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SLAPP Litigation Shutting Down Activists, Media

Rachel Alexander, an attorney, is the editor of the Intellectual Conservative.

The left frequently resorts to the legal system to shut down conservatives, since the courts are dominated by the left. One way they do so is to file a groundless lawsuit known as a SLAPP, a strategic lawsuit against public participation. It's to shut down some type of free speech and usually takes the form of a defamation claim. The plaintiffs don't expect to win. Instead, the lawsuit is meant to intimidate and overwhelm a victim with costly litigation that can last years. Discovery alone can cost thousands of dollars.

The average activist, journalist or blogger doesn't make a big salary so they're easy targets. The smackdown also has a chilling effect on others who might be considering the same type of speech or speaking up to defend a victim.

Judges aren't able to discern at the beginning of one of these lawsuits that they are groundless. As a result, state legislatures around the country have started passing anti-SLAPP legislation. There are now 28 states with anti-SLAPP laws. They generally permit a victim to ask the court to dismiss one of these lawsuits early on. Penalties include awarding attorneys fees against the plaintiff.

One of the most notorious instigators of SLAPP lawsuits is Brett Kimberlin. He is a left-wing activist who was convicted of perpetrating the 1978 Speedway bombings. But when conservative bloggers mentioned his past in their articles, he came after them with lawsuits. He warned one conservative blogger, "I have filed over a hundred lawsuits and another one will be no sweat for me. On the other hand, it will cost you a lot of time and money and for what." That blogger, Patrick Frey, was fortunate enough to find pro bono counsel to represent him against the groundless lawsuit. But it took six years to wind down.

A fairly recent SLAPP lawsuit involved the "Clock Boy." Ahmed Mohamed brought a clock to high school that looked like a bomb. A teacher referred him to school administrators, and he was briefly arrested. His family claimed that it was discrimination because he was a Muslim. Several conservative pundits discussed the case in the media, some labeling it a hoax. The father of Mohamed filed a lawsuit against them. The case was eventually dismissed. David Yerushalmi, senior counsel at American Freedom Law Center, which represented one of the defendants, said it was "Islamist warfare," using lawsuits to label as "Islamophobic" any "public criticism of a sharia-centric, jihad-driven Islam."

In February, a professor who sued a conservative leaning scientific publication for defamation withdrew his $10 million lawsuit. Stanford University professor Mark Jacobson sued the National Academy of Sciences and Christopher Clack, an author who co-wrote a piece critical of Jacobsen. Jacobsen had suggested in a co-authored paper that renewable energy sources alone could power the U.S. by 2050. Clack wrote in in his critique, "We find that their analysis involves errors, inappropriate methods, and implausible assumptions." Jacobsen admitted after withdrawing his lawsuit, "It should never have gone to court in the first place. I was expecting them to settle."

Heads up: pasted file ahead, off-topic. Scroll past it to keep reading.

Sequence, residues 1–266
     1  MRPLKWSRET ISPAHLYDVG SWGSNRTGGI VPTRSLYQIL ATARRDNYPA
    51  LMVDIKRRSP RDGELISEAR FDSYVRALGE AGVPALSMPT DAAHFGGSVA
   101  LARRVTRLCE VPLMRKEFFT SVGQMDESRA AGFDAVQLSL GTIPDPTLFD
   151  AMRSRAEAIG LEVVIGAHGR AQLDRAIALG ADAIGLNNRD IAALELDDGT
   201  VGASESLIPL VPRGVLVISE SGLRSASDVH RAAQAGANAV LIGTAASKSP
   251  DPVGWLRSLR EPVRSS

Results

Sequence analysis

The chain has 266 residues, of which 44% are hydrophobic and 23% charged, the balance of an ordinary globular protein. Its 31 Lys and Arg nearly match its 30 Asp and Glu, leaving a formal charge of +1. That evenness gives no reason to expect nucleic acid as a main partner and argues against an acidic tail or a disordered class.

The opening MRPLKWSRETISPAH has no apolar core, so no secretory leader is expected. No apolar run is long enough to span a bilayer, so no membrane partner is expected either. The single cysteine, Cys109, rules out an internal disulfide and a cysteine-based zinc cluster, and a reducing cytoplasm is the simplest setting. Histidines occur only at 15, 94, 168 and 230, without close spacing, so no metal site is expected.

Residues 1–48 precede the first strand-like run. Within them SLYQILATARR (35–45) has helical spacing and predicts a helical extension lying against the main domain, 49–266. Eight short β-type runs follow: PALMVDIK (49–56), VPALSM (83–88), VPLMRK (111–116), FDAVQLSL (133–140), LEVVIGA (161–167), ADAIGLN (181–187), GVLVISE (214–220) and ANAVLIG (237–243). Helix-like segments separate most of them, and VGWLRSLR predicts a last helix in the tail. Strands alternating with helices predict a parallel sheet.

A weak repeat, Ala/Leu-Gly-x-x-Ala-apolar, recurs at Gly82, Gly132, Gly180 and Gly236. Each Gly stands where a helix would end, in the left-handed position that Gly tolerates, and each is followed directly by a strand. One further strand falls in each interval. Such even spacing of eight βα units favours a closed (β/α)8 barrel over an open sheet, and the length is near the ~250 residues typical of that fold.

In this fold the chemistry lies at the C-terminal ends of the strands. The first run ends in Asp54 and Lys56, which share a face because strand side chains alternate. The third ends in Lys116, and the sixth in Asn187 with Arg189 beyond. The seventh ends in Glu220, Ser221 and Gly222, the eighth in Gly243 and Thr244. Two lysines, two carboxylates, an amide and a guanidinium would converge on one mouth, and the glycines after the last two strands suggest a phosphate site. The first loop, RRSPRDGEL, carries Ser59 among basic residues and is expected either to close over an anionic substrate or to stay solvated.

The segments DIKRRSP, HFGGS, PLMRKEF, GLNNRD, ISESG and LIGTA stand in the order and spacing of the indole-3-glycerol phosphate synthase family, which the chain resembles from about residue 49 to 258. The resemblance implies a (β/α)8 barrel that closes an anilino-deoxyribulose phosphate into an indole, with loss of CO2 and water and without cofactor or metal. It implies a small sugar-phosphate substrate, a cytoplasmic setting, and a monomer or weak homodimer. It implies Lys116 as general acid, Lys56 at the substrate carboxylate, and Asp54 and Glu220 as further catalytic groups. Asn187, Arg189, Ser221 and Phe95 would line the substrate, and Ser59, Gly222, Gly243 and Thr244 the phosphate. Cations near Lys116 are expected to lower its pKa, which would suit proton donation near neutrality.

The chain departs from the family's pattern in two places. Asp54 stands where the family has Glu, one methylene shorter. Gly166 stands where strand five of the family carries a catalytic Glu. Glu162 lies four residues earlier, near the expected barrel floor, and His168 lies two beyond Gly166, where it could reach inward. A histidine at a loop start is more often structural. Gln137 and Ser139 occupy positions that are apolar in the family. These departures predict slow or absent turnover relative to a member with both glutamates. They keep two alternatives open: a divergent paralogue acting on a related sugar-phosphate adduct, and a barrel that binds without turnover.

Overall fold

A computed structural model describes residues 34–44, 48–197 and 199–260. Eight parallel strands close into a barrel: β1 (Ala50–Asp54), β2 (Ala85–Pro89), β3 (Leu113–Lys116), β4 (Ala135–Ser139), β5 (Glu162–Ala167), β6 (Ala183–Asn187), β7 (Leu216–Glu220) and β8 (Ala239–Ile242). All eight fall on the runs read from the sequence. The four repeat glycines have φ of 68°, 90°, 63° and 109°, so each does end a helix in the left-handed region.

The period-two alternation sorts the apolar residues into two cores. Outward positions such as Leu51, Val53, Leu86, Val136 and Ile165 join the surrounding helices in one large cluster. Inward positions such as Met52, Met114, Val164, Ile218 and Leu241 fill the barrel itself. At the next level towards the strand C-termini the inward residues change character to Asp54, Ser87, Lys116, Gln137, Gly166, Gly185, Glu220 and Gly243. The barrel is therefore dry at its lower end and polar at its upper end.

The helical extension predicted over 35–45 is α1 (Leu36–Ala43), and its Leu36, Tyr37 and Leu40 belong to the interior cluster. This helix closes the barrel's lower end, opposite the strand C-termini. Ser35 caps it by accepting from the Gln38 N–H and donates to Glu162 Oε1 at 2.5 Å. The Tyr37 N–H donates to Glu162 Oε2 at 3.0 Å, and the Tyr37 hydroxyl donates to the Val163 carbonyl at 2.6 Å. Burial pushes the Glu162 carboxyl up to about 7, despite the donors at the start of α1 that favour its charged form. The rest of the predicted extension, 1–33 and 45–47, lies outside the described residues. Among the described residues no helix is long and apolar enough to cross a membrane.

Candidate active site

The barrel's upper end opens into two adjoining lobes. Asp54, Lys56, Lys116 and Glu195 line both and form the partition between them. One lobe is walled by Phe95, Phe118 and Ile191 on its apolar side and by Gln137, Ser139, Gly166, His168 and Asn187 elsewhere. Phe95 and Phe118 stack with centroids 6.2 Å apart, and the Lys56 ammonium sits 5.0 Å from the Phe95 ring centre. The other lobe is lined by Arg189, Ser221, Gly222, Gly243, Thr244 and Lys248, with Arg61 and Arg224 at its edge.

These lawsuits strike close to home for me. I was recently threatened with a groundless defamation lawsuit over an article I wrote. The big name law firm gave me 24 hours to take the article down or legal action would be contemplated. When I didn't comply, they sent the same exact letter to my employer's address — apparently to intimidate my employer. The article wasn't even written for my employer, but in my personal capacity for another publication. They haven't sued me yet, but I'm not holding my breath. Fortunately I'm an attorney so I'm less afraid of legal mumbo jumbo than the average person. Others in my situation might have caved and taken down the article, effectively suppressing their free speech. Numerous friends advised me to delete the article, merely to avoid years of costly litigation.

Unfortunately, not all anti-SLAPP laws are broadly written to protect bloggers and journalists. Some only protect "issues of public interest." Aggressive litigants will forum shop to pick a state to sue in that either has no anti-SLAPP law or a weak version. There is no anti-SLAPP law on the federal level, so suing in federal court is another option. Trial lawyers, who contribute large amounts to the Democrats every year, have put up strong opposition to any federal legislation. This important legislation needs to be enacted everywhere in its strongest form, otherwise the First Amendment is in jeopardy.

Rachel is the editor for and an attorney.

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